More to film reviewing than a 140-character tweet, says Thierry Frémaux.
Cannes Film Festival chief Thierry Fremaux has hit out at the impact of social networks on the coverage of the festival and its Official Selection.
“It was the first real ‘Twitter festival’ where everyone decided to say whatever happened to pass through their heads,” Fremaux told French film industry trade Le Film Francais.
“This created a permanent race against the clock between journalists and amateur neo-critics.”
“Writing a review, is about formulating and putting down a thought, and can’t be summarised in 140 characters written as soon as the credits have stopped rolling,” he continued.
“In Cannes, I am not sure the social networks do any good for the general spirit.”
Frémaux was speaking in an interview with Le Film Francais summing up his thoughts about the 68th edition, which ran May 13-24.
“The degree of fantasy that Cannes arouses isn’t a licence to write any old thing. On the internet, an article is judged by the number of clicks it generates, civilization is making progress!,” he said with irony.
Frémaux’s comments echoed the sentiments of the festival’s new president Pierre Lescure in an interview with La Croix newspaper last week in which he complained about the fact critics were tweeting during press screenings.
“Everything is accelerating. The instantaneity leads to hasty, excessive, definitive judgements. The critics are tweeting during projections. The nature and the function of the profession are changing. By acting like this, I’m not sure the profession is doing itself any good,” he said.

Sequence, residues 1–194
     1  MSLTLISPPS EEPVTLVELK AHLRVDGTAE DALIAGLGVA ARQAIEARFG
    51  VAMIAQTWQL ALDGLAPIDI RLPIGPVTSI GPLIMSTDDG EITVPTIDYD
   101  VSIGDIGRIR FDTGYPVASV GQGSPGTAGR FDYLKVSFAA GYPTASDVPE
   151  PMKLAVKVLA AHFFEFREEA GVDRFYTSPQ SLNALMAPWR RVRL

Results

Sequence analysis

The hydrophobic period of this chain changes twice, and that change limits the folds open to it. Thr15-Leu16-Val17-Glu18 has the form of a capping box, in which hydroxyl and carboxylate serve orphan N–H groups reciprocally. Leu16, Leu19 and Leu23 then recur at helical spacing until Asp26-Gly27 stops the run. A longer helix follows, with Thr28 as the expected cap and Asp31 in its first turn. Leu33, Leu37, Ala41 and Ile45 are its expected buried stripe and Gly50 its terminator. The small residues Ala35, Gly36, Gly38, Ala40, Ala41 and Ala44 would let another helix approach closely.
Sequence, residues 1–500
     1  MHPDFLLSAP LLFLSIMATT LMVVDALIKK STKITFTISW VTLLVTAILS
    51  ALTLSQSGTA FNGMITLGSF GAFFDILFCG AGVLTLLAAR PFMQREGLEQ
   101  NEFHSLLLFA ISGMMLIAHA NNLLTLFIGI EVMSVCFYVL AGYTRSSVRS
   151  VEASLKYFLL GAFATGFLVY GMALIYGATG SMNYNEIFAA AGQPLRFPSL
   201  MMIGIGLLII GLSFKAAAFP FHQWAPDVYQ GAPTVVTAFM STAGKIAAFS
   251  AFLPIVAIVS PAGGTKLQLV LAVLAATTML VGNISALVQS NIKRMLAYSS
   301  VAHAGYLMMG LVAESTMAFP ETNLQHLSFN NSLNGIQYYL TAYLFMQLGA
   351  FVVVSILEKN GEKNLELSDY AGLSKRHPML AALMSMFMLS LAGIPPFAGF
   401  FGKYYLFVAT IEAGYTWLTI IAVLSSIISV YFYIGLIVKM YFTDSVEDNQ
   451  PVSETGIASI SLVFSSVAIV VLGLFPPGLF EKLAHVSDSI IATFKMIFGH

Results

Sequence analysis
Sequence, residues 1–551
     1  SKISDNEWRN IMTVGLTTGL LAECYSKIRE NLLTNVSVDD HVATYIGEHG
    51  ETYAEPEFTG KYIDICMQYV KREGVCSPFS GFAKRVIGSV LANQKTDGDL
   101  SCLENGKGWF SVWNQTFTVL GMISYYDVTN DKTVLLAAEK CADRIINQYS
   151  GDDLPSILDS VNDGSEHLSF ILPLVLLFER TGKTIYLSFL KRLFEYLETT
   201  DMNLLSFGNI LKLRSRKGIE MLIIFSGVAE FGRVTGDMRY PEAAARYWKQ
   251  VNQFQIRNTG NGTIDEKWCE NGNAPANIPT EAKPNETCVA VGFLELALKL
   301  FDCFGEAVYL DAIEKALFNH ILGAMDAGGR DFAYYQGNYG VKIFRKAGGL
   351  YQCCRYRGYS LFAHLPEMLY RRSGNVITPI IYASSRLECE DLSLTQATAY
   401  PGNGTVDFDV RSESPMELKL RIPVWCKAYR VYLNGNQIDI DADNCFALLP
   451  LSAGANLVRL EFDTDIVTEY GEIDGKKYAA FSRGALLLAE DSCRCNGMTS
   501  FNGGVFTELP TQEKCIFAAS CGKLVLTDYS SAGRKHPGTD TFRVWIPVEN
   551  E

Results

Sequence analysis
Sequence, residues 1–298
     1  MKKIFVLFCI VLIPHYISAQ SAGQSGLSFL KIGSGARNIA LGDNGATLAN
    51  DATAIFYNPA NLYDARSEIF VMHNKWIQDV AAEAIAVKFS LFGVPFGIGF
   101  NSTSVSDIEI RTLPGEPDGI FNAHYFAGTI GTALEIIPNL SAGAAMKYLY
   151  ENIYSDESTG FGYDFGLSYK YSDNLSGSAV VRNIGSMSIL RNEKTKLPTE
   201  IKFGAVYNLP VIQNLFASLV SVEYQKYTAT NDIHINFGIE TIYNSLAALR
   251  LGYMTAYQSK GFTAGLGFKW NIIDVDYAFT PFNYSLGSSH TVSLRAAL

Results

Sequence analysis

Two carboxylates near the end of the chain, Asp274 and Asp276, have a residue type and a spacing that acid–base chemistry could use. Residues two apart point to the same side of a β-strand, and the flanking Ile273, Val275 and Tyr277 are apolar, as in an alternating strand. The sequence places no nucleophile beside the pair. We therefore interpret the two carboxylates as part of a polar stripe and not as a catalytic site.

Frémaux and Lescure’s comments follow this year’s request that attendees refrain from taking selfies on the red carpet at the 68th edition. Some French media outlets have questioned whether they will be turning their attention to twitter next year.
Social Media mentions down in 2015
Interestingly, however, social media analysis firm Way to Blue reported a 29% drop in social media mentions for the festival in 2015.
According to a post-Cannes study, the festival generated close to 1 million mentions overall with Mad Max: Fury Road prompted the most Cannes related tweets (18.9k) followed by Carol (17.3k) and The Lobster (12.4k).
Way to Blue pinned the drop in mentions to the absence of stars with big social media followings such as Robert Pattinson.
Race to get online
The fall does not discount Frémaux and Lescure’s comments on how social media is impacting coverage of the festival and the films premiering in Official Selection and the parallel selections.
There was much debate at the festival, for example, amid critics and industry alike – over the race to get reviews online first and how the ever quicker turnaround might impact the quality of the reviews.
L exercice critique a cannes, c est qui de variety ou de hollywood reporter sortira son papier en premier. Pathetique— VINCENT MARAVAL (@MARAVALV) May 17, 2015
Le Film Français interview came at the end of a turbulent Cannes for the delegate general and its new president, who found themselves on the receiving end of a number of, sometimes, contradictory criticisms ranging from suggestions that the competition was weak to a backlash over the glitziness of the red carpet and complaints that the event had become too “bling bling” or flashy.
Frémaux noted, however, it had been business as usual the festival team. “The festival’s image. It’s the press that create it. The Bling-bling, that’s created by a certain press. We haven’t changed anything, we’re occupied with the films and welcoming the artists and that’s already enough to keep us busy”